fullsizerender-1

Back to my point:

I learned, by reading those parenting books, that discipline is a form of teaching, as well as a form of living.

My job is not to make my kids do what I say (controlling), but to guide them to make the best choice available at any given moment (discipline).

Hopefully, they’ll exercise good judgment up front. If not, one could hope they take advantage of the ‘opportunity to learn,’ assuming the consequences of their action(s) aren’t overly devastating or life threatening in any way. (Elizabeth Pantley deals with how to use natural consequences—or create logical ones—very nicely in her book.)

This segues me to the old adage, Give a man a fish and he’ll eat for a day. Teach him to fish and he’ll eat for a lifetime.

When I fight for my way, or for that instant response to what I tell my kids to do–for no other reason beyond I want my way (Gasp! Controlling again!)– I’m not teaching them to fish. By guiding them to make wise choices today, I can only hope to be laying a foundation to make even wiser choices as they get older, especially when they’re in a position to make (big) decisions without someone more experienced at their side.

We’ll pick up next time with the fruits of discipline.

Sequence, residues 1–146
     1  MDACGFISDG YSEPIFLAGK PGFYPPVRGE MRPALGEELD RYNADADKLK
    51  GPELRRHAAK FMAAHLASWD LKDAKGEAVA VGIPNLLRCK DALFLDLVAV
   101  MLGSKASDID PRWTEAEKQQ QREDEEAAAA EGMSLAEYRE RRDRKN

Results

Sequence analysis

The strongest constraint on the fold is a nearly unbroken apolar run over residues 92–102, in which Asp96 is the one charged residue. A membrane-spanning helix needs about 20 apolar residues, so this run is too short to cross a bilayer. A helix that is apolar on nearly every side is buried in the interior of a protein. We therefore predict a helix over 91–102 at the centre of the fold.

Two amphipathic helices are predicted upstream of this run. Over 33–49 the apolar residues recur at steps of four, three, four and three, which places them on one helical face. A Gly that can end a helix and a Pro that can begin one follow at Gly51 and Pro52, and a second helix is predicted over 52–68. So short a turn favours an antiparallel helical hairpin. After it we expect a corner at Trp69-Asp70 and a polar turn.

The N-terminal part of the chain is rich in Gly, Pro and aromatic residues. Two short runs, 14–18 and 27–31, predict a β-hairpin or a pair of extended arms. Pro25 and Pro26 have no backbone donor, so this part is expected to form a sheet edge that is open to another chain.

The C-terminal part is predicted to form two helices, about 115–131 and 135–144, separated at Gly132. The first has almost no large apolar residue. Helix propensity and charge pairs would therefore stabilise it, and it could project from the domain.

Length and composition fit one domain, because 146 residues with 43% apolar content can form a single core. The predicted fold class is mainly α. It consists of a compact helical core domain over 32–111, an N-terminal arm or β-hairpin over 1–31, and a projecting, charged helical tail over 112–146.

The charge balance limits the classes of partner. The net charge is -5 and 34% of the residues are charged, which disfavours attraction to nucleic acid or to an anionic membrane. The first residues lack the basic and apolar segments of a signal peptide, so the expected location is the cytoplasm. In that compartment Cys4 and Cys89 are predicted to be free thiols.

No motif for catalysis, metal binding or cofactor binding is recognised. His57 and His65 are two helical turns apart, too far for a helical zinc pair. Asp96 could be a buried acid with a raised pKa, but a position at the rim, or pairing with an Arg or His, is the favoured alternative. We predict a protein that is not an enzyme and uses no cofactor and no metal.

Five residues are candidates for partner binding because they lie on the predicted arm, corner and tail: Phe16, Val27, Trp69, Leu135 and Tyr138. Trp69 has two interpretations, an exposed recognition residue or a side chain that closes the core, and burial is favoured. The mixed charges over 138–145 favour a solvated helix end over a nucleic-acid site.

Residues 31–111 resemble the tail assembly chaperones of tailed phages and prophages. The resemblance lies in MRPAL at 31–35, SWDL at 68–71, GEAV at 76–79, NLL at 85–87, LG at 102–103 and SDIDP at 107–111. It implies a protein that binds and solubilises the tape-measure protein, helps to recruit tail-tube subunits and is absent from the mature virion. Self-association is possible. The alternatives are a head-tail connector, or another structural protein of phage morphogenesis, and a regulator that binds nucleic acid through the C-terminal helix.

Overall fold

Any thoughts on all this so far? What have you learned on your journey relative to authority and kids? No, you don’t have to be a parent to join the discussion. All kinds of interactions count (i.e., those of teachers, psychologists, baby sitters, etc), so don’t be shy!

With you on the journey,

Joanne

©Joanne C Timpano, 2017, content and images (unless otherwise specified).

 

 

Posted in Discipline vs. Control, Parenting, Uncategorized

Discipline Vs. Control–Part 1

Welcome! A much-belated happy new year to all! Not one post in on the parenting series, and I’m already behind schedule!

Let’s go straight to some definitions.

According to Dictionary.com, discipline has several definitions; among those training, punishment and instruction to a disciple (i.e., student).  

Control, on the other hand, is to exercise restraint or direction over; dominate; command. (This one can give me the heebie-jeebies when I see it in action, or how its negative effects can manifest themselves.

Aside: Two quick thoughts: EVERYONE wants to be in control and NO ONE wants to be controlled by someone else. Just bear with me on this, parents. I’m not giving free rein to any child–no matter the age–just yet! 😉